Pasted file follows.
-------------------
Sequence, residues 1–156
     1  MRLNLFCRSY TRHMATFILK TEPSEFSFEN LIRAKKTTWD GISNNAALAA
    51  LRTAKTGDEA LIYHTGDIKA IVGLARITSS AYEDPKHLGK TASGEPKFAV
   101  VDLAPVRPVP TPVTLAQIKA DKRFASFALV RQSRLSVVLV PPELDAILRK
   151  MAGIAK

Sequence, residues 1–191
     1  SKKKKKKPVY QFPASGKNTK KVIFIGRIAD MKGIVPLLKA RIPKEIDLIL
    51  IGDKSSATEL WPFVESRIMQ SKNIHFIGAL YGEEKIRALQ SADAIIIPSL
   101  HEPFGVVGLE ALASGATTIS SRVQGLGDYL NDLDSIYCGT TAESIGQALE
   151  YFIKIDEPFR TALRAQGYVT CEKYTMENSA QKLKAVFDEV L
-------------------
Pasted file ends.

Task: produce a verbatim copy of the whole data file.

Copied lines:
Sequence, residues 1–156
     1  MRLNLFCRSY TRHMATFILK TEPSEFSFEN LIRAKKTTWD GISNNAALAA
    51  LRTAKTGDEA LIYHTGDIKA IVGLARITSS AYEDPKHLGK TASGEPKFAV
   101  VDLAPVRPVP TPVTLAQIKA DKRFASFALV RQSRLSVVLV PPELDAILRK
   151  MAGIAK

Sequence, residues 1–191
     1  SKKKKKKPVY QFPASGKNTK KVIFIGRIAD MKGIVPLLKA RIPKEIDLIL
    51  IGDKSSATEL WPFVESRIMQ SKNIHFIGAL YGEEKIRALQ SADAIIIPSL
   101  HEPFGVVGLE ALASGATTIS SRVQGLGDYL NDLDSIYCGT TAESIGQALE
   151  YFIKIDEPFR TALRAQGYVT CEKYTMENSA QKLKAVFDEV L